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Spring 2015 - Vol. 10, No. 1
                          R. Anderson                               Davis     

Familial Hypercholesterolemia and the Use of Novel Cholesterol Lowering Drugs; A Case Report
Rolf L. Andersen, M.D., F.A.C.C. and Tina M. Davis, C.R.N.P.
Clinical Lipid Specialists
Lars H. Andersen
Research Intern, LGH Familial Hypercholesterolemia Initiative



AG is a 54–year-old woman who experienced a myocardial infarction at age 37 and was diagnosed with familial hypercholesterolemia(FH) at age 42. Because of cholesterol as high as 799 and intolerance to standard lipid medications, she was started on lipid apheresis treatments in 2005. Despite aggressive therapy including lipid apheresis, she has continued to suffer from progressive CAD with recurrent myocardial infarction and repeated placement of coronary stents (11 in total). Her lipid parameters in January 2014 were:

Total cholesterol 429
Triglycerides 229
HDL 49
LDL 335
Post apheresis LDL 79
Time-averaged LDL (LDL pre and post apheresis/2) 207.5

Based on these numbers and her progressive CAD despite lipid apheresis, the decision was made to add a novel cholesterol lowering agent (NCLA) to her regimen.


FH is a genetic disorder characterized by drastic elevations of plasma cholesterol. As the world’s most common inherited potentially deadly disease, FH occurs in 1/500 to 1/300 individuals in the general population, with higher rates in certain subgroups due to founder effects.1 As discussed in a recent article in this journal, 90% of patients with FH have a defective LDL receptor resulting in poor clearance of LDL from the serum.2

Basic research and improved technology have led to the development of new drugs to treat FH:
a. Two of these drugs, mipomersen and lomitapide (branded Kynamro and Juxtapid), have been approved for treatment of homozygous FH, but because of their complexity and expense they can only be prescribed by certified providers.3
b. Inhibitors of PCSK9 (proprotein convertase subtilisin/kexin type 9) comprise a third class of drugs that is being actively studied by several pharmaceutical companies but has not been approved yet by the FDA.

Lomitapide inhibits the microsomal transfer protein (MTP) responsible for assembly of the VLDL particle in the hepatocyte. With further metabolism VLDL eventually becomes LDL. Thus, lomitapide is highly effective at lowering LDL, and a mean reduction of 40% was noted in phase 3 studies. Lomitapide is an oral drug that must be accompanied by a strict low fat diet to avoid GI side effects.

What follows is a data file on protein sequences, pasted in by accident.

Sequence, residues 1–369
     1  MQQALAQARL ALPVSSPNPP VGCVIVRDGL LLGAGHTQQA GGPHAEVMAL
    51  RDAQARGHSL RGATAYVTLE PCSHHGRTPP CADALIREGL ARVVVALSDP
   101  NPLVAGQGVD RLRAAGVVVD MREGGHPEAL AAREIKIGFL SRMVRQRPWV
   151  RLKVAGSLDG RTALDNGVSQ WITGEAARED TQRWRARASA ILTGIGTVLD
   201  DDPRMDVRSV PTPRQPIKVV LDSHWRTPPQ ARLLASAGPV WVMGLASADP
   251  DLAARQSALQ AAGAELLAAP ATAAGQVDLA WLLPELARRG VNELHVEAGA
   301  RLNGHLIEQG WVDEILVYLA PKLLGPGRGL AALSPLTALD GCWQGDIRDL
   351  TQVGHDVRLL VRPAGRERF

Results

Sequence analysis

Mipomersen uses antisense technology to inhibit the production of the apoB protein. ApoB is a necessary part of atherogenic lipoproteins including LDL, VLDL, and lipoprotein a. Mipomersen is an antisense oligonucleotide which binds to the apoB mRNA resulting in its destruction by ribonucleases. Phase 3 studies have shown a 28-36% reduction in LDL. Mipomersen is administered weekly by SQ injection.

PCSK9 is a protein that enhances degradation of the LDL receptor. Individuals with hypofunctioning PCSK9 have increased LDL receptor activity, low LDL cholesterols, and virtual absence of CAD. Patients with genetic mutations resulting in hyperfunctioning PCSK9 have very high LDL cholesterols and suffer from premature cardiovascular disease. Antibody-type inhibitors of PCSK9 have been developed by several companies, and early trials have shown a marked reduction in LDL.4 LGH has participated in some of these early trials.


AG was started on low dose lomitapide 5 mg/day. Lomitapide was chosen because unlike mipomersen it has been approved for use in combination with apheresis. Additionally, we felt that AG could comply with the dietary fat restriction necessary with lomitapide, and fortunately she has tolerated the drug well.

Her lipid numbers are now as follows:
Total cholesterol 236
Triglycerides 257
HDL 29
LDL 156
Post apheresis LDL 32
Time-averaged LDL 94

Thus her pre-apheresis LDL and her time-averaged LDL dropped by roughly 54%. We hope that this impressive response translates into clinical improvement.


1. Sniderman, AD, Tsimikas, S, Fazio, S. The Severe Hypercholesterolemia Phenotype. J Am Coll Cardiol 2014;63:1935-47.

2. Ibarra, J. Familial hypercholesterolemia. J Lanc Gen Hosp. 2014; 9: 48-51.

3. Rader, DJ, Kastelein, JJP. Lomitapide and Mipomersen: Two First-in-Class Drugs for Reducing Low-Density Lipoprotein Cholesterol in Patients with Homozygous Familial Hypercholesterolemia. Circulation. 2014;129:1022-1032.

4. McKenney,JM, Koren MJ, Kereiakes, DJ, et al. Safety and Efficacy of a Monoclonal Antibody to PCSK9 Serine Protease,SAR236553/REGN727, in Patients with Primary Hypercholesterolemia Receiving Ongoing Stable Statin Therapy. J Am Coll Cardiol 2012;59:2344-53.